Seaweeds are an incredible source of calcium as well as fish such as salmon and sardines with bones.

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Celiac Disease and Anemia

Celiac disease causes damage to the small intestine. The small intestine is where many vitamins are absorbed including iron, folate, and vitamin B12. Folate and Iron Anemia are seen more frequently in people with celiac disease than the general population because these nutrients are absorbed in the upper parts of the intestine. If celiac disease progresses, the lower part of the small intestine can also be damaged resulting in vitamin B12 deficiency.

Anemia is a disorder that results from a decrease in the size or number of red blood cells or in the amount of hemoglobin (the red pigment in the red blood cells.) Both iron and folate deficiencies can lead to anemia because they are an essential part of creating hemoglobin and transporting oxygen to the body.

Symptoms of iron deficiency anemia include brittle nails, fatigue, headaches, and reduced attention span in children. Symptoms of folate deficiency anemia include cracked lips, irregular heartbeat, ringing in the ears, and symptoms similar to that of iron-deficiency anemia.

A deficiency in vitamin B12 in the body can also lead to anemia because vitamin B12 is  necessary for the formation and growth of red blood cells. Foods contain two different forms of iron-heme and non heme iron. Heme iron is found in animal products and is better absorbed than non-heme iron which is found in fruit, grains and vegetables. Vitamin C increases iron absorption. It is wise to take an iron supplement with a food rich in vitamin C (such as strawberries.)

Foods high in folate include asparagus, broccoli, eggs, fish, orange juice, vegetables, and green leafy vegetables. Foods high in vitamin B12 are found in animal products including eggs, dairy products and meat.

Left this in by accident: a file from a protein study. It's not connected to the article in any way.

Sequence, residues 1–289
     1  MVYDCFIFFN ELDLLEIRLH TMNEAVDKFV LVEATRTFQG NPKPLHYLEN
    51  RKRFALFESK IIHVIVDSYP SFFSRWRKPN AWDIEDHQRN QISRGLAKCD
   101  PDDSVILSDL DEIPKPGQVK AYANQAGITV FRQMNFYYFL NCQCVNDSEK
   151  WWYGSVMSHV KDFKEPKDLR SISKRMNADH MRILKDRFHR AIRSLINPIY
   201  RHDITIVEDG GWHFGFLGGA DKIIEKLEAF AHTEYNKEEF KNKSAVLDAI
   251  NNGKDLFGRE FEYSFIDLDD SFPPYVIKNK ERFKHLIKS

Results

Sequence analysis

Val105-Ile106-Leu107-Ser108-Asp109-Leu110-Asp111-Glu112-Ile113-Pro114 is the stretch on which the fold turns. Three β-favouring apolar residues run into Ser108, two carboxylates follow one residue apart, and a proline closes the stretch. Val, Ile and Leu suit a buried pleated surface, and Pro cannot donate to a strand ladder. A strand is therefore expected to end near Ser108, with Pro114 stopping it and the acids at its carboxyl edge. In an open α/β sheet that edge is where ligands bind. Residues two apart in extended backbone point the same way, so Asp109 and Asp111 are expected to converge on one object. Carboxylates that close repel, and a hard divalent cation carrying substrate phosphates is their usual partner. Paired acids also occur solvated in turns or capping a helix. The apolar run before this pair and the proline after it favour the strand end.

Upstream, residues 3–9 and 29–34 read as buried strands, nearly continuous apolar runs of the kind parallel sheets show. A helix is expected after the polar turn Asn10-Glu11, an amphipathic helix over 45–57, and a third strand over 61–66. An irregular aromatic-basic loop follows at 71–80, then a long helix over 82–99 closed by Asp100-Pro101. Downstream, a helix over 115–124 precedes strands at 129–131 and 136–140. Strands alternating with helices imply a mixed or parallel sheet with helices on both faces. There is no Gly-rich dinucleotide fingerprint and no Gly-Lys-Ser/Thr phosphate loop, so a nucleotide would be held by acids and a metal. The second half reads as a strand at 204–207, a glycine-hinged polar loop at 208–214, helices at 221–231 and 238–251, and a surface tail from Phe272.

Below is a list of gluten free food sources of iron in milligrams per 100 grams edible portion (100 grams = 3 1/2 ounces):

100.0 Kelp
16.1  Black strap molasses
11.2  Pumpkin and squash seeds
7.1   Sunflower seeds
6.8   Millet
6.2   Parsley
6.1   Clams
4.7   Almonds
3.9  Dried Prunes
3.8  Cashews
3.7  Lean Beef
3.5  Raisins
3.3  Beet Greens
3.1  Walnuts
3.0  Dates
2.9  Pork
2.7  Cooked Dry Beans
2.4  Sesame Seeds
2.4  Pecans
2.3  Eggs
2.1  Lentils
2.1  Peanuts
1.9  Tofu
1.5  Chicken
1.2  Salmon
1.1  Broccoli
1.0  Cheddar Cheese
1.0  Strawberries
0.8  Pumpkin
0.8  Mushrooms
0.7  Banana
0.7  Sweet Potato
0.6  Avocado
0.6  Potato
0.5  Winter Squash
0.5  Cooked Brown Rice
0.5  Tomato
0.4  Orange
0.3 Celery
0.3  Apple

Kelp is a fantastic source of iron for both vegetarians and non vegetarians alike.

Need to add even more iron into your diet? Try cooking with Black strap molasses-it is a great source of vitamins and minerals (including iron) and tastes delicious in homemade ginger cookies!

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Welcome to the Gluten Free Pantry!

This blog is dedicated to my husband and children. My French husband, Yohan, was recently diagnosed with celiac disease, a lifelong disorder that damages the lining of the small intestine and prevents it from absorbing nutrients properly. In other words, if you have celiac disease, your digestive system stops working correctly when you eat a specific food component called gluten.

Can you imagine a French man not eating baguettes and traditional pasta and sauces for the rest of his life?! Fortunately Yohan is taking the news well and adjusting to his new lifestyle with a positive attitude and eager anticipation for new and exciting foods.

Celiac disease is a genetic disorder that can be triggered when susceptible individuals eat gluten throughout their life. Since there is a relatively high chance that our children could develop celiac disease or gluten intolerance, my husband and I will eat gluten-free at home. Furthermore, I have also tested highly sensitive to gluten. Thus, we are all moving forward as a gluten free family.

Although I can’t promise Yohan will ever enjoy a baguette comparable to those found in a Paris cafe,¬†I do promise to create and make gluten free food that will delight your taste buds. I hope you’ll join us as we explore our new lifestyle and work on our health from the inside out. Cheers!

Birthday Cake